Posts Tagged ‘John Stuart Mill’

Hegel, Schopenhauer, Mill, infinity, & One

October 8, 2012

We’re well into the 19th century, in CoPhi: Hegel, Schopenhauer, and Mill. And the Philosophy Bites interview is with Adrian Moore, on the concept of “infinity“-and beyond? Is the universe infinite? Not only do we not know the answer to that, just try solving Zeno‘s Paradoxes. [Paradox #1...YouT... How big is infinity? An animated TEDexplanation] Or getting a plumber on the weekends.

Hegel was the ultimate optimist, Schopenhauer the uber-pessimist. And Mill? I’d call him a realist with strong aspirations. [Hegel up@dawn]

They’re all in the song, if that helps. Let’s see… Schopenhauer and Hegel were both out-consumed by David Hume. And Mill, of his own free will, “on half a pint of shandy was particularly ill.”

But it would probably be more helpful to relate the Germans to their predecessor Kant, and to bring Mill to bear on his countryman Bentham.

First the Germans: both Schopenhauer and Hegel tried to go beyond Kant’s proscription against specifying the “thing-in-itself,” the ultimate “noumenal” reality beneath the appearances. For Hegel, History’s the thing. For Schopenhauer it’s Will.

An amusing sidelight: in spite of himself, and his intent to renounce personal will (so as to starve ultimate Will, or at least deprive it), Schopenhauer was stubbornly competitive with his philosophical rival Hegel. He insisted on lecturing at the same time as the more popular Hegel, with predictable results. But you have to wonder if his auditors understood a word Hegel said? Maybe free gas was provided? (See William James’s “observations on the effects of nitrous-oxide-gas-intoxication” and his essay On Some Hegelisms - “sounds like nonsense, but it is pure on-sense!”)

I have to admit: for a sourpuss, Schopenhauer’s a lot of fun to read. His aphoristic Art of Controversy is a good place to begin.

The average man pursues the shadow of happiness with unwearied labour; and the thinker, the shadow of truth; and both, though phantoms are all they have, possess in them as much as they can grasp. Life is a language in which certain truths are conveyed to us; could we learn them in some other way, we should not live. Thus it is that wise sayings and prudential maxims will never make up for the lack of experience, or be a substitute for life itself.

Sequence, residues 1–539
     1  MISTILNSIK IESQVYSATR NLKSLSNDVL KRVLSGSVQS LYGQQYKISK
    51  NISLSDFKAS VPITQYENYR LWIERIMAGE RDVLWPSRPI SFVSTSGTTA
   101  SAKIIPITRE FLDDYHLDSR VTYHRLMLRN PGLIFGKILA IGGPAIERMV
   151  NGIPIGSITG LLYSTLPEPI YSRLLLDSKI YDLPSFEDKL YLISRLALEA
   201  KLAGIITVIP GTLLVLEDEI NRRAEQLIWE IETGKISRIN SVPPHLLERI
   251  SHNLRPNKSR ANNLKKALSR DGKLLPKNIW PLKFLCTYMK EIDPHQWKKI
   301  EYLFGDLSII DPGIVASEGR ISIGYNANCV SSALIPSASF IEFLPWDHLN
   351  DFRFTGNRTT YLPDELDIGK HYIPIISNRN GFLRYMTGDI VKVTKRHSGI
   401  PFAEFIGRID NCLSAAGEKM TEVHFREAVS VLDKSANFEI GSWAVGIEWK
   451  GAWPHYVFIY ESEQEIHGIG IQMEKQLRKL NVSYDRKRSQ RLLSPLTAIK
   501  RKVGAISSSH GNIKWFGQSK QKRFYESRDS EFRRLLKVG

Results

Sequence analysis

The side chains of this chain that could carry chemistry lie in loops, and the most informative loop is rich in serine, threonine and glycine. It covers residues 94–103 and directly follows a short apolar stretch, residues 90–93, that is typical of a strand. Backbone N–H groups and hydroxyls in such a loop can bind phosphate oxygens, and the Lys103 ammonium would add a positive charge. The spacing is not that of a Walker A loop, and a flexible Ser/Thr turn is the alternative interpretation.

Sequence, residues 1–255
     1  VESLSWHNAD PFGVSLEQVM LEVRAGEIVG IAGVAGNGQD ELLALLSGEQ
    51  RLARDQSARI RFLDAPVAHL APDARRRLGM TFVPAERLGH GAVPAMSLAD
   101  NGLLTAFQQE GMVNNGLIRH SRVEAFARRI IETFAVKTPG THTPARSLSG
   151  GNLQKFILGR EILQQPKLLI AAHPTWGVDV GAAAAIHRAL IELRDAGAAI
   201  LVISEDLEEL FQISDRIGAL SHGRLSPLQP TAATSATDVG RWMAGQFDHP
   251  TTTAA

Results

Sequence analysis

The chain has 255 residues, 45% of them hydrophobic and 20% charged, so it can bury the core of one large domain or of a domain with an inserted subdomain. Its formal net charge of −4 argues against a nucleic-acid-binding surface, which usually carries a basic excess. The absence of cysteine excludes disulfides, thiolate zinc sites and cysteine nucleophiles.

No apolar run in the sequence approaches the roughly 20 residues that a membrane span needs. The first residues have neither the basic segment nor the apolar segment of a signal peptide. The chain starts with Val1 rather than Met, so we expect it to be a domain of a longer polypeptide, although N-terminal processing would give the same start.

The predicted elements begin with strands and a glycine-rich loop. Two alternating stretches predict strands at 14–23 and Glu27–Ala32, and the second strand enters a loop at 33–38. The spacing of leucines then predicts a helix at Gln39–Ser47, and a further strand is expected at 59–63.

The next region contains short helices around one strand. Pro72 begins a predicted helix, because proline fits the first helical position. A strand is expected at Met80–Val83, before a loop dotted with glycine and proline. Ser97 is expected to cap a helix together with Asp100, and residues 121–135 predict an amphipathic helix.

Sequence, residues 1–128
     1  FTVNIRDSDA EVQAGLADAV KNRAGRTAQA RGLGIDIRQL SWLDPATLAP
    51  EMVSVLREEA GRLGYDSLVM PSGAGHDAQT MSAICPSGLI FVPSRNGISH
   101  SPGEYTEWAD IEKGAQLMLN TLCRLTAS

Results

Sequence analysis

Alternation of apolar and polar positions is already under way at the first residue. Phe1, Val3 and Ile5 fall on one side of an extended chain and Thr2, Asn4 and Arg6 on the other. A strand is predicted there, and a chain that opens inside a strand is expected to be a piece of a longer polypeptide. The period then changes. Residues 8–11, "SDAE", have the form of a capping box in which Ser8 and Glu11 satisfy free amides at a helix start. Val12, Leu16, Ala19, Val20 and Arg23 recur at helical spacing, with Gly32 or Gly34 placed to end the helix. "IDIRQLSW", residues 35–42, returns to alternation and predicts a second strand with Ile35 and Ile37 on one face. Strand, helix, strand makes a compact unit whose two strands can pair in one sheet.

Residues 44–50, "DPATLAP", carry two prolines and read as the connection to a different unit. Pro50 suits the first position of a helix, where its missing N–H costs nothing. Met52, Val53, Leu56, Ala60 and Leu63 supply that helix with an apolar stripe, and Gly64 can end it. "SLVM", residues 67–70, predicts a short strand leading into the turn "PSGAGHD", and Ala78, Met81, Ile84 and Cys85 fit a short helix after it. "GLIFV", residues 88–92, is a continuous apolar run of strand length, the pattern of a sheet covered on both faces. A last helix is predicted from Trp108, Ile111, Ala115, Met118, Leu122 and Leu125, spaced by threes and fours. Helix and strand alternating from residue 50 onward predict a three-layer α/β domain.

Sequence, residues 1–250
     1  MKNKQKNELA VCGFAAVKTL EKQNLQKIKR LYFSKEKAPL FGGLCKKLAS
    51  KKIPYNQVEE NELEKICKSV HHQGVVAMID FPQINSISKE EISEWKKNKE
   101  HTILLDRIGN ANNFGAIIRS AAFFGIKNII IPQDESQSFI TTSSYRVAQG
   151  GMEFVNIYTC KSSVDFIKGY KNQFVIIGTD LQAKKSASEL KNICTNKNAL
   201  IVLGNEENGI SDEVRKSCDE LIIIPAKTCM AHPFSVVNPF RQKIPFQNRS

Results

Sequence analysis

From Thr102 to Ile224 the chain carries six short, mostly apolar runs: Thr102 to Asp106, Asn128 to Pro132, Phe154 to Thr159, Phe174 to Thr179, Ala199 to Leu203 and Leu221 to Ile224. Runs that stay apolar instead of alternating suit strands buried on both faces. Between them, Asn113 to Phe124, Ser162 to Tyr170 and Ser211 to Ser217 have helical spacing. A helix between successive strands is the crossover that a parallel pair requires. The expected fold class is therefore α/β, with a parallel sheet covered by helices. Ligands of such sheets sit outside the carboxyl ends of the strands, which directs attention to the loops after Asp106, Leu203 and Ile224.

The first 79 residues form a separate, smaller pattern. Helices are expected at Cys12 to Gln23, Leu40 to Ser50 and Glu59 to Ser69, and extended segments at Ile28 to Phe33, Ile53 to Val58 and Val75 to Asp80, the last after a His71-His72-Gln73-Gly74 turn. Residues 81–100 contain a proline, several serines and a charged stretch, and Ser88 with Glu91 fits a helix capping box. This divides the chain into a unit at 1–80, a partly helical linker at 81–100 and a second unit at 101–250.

And his Studies in Pessimism are oddly cheerful.

One of the lesser-known but more intriguing facets of Schopenhauer’s philosophy was his belief that music is our point of entree to Will, and to ultimate reality.

Mill tried to correct Bentham’s indiscriminate “happiness” by introducing a quality distinction among pleasures. I’d love to endorse this move, and say things like: unit for unit, an inning of baseball is far superior to a quarter of football. (We might agree, though, that both are superior to “push-pin” and some poetry.) But happiness, pleasure, satisfaction et al have to be left to the judgment of the beholder if they’re to be actual motivators of conduct. So, I agree with Mill in principle and in conscience, but must stick with Bentham in practice. [J.S. Mill up@dawn]

But the harm principle, and On Liberty in general? I’m with him. I love what he says about Socrates and truth.

And remember this, when we discuss William James and “what works”: “The truth of an opinion is part of its utility. If we would know whether or not it is desirable that a proposition should be believed, is it possible to exclude the consideration of whether or not it is true? In the opinion, not of bad men, but of the best men, no belief which is contrary to truth can be really useful.”

I’m with Gus Speth too. We finish with his book in EEA today. In the penultimate chapter he cites the Earth Charter‘s preamble: